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Discussion of Religious Texts Relating
to the Disputed Lands of the West Bank

By Tamara Vered

Many religious Jews believe that the land of Israel was given to us by the hand of Hashem. This is a belief that stems from G-d's covenant with Abraham. As it says: "Now the Lord appeared to Abraham and said, To thy seed will I give this land." (Genesis 11, 7) Abraham promised to follow G-d to a new land and then he received the land for following G-d's commandments.

Later on this was affirmed to belong to the people of Israel after the exodus from Egypt. However, again there was a condition under which the people of Israel were allowed to remain in the land. The people could lose their right to the land if they did not follow G-d's commandments. They needed to realize that the land was ultimately not theirs (an entitlement) but rather that it was the Lord's gift and they were living on the land by the good graces of Hashem.

Not all of the area people refer to as the biblical land of Israel was in G-d's original plan for Jewish settlement. The people of Reuben, Gad and half on Menashah requested another parcel of land on the east bank of the river, that was not meant to be part of the inheritance. They insisted that because of their large amounts of cattle that they were entitled to this parcel. Their argument was not based on their deeds but their wealth.

The Midrash Raba, Tanchuma comments on their request (parsha before nine days):

"Three gifts were created in the world (wisdom, strength, and wealth). If a man is privileged to possess one of them, he can attain as his own the most precious things in the whole world. If he is privileged to possess strength, he has attained everything; if he is privileged to possess wealth, he has attained everything. When does this apply? When they are gifts of Heaven and come by the dint of Torah, but the strength and wealth of mortals is nought, as is borne out by what Solomon says: "I returned, and saw under the sun that the race is not to the swift, nor the battle to the strong neither yet bread to the wise, nor yet riches to men of understanding, nor yet favor to the men of skill; but time and chance happeneth to them all" (Ecclesiastes 9, 11). Jeremiah, on the same strain, says: "Thus saith the Lord: Let not the wise man glory in his wisdom, neither let the mighty man glory in his might, let the rich man glory in his riches, but let him gloriesth glory in this, that he understandeth and knoweth Me." (Jeremiah 9, 22-23) These gifts when they do not emanate from he Holy One blessed be He, will ultimately fail a man.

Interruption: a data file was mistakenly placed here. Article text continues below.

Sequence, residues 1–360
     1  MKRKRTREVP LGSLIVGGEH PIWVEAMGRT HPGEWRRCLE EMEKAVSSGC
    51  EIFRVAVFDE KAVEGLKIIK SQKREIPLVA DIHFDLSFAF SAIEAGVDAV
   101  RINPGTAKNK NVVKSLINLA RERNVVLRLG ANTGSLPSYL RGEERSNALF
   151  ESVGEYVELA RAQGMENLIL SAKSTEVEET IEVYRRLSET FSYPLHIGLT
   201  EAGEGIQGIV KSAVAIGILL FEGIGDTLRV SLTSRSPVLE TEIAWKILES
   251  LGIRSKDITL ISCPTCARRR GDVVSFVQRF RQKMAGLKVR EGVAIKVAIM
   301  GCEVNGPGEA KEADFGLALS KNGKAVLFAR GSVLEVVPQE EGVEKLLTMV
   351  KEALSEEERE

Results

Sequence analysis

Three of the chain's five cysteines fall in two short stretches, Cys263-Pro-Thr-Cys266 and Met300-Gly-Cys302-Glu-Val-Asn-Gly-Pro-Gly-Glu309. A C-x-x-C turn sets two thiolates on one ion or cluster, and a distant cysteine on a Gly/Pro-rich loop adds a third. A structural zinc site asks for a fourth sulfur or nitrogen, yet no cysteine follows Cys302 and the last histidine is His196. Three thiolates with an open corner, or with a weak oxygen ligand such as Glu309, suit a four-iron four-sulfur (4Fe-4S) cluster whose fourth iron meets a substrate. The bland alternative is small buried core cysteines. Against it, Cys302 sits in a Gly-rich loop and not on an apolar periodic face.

Because their gifts emanated not from the Holy One blessed be He but they snatched it for themselves. Likewise in the case of Rueben and Gad, you find that they were rich, possessing large numbers of cattle ....they were the first of the tribes to go into exile."

The people of Rueben, Gad, and half of Menashah separated themselves from the rest of the community of Israel. Moses was concerned that they agreed to go into the land to fight, but only as an afterthought to appease Moses. As Abarbanel explained, "they added the that appeasement as an afterthought, they added 'you did not understand our intention because it is not in our intention not that we will not go into the land with our brothers but rather in the issue of the inheritance." They felt entitled to grab land because they wanted it. Eventually, G-d took the land away from these greedy tribes first because their main considerations were for their own well being before the well being of the general community. They relied more heavily on their wealth than on G-d and G-d's commandments. Over time this seed of corruption, not caring for the remainder of the Israelite community developed until their exile (much before the rest of the Jewish community).

A friend of mine who lives on a settlement in the West Bank recently made the comment that since they are the first ones who are being expulsed from their homes there must be a reason. After all, many of the people in the West Bank are good honest people. I would like to suggest that maybe some members of the community have not been thinking about the implications of what settling land without government permission has done for the general community (Am Yisrael and others).

Those who grab for themselves and then as an afterthought think of the community will eventually lose all they have gained. I implore the Jewish community to make sure that land acquisition in Israel is done in a clean matter with consequences to both Arabs and Jews in mind.

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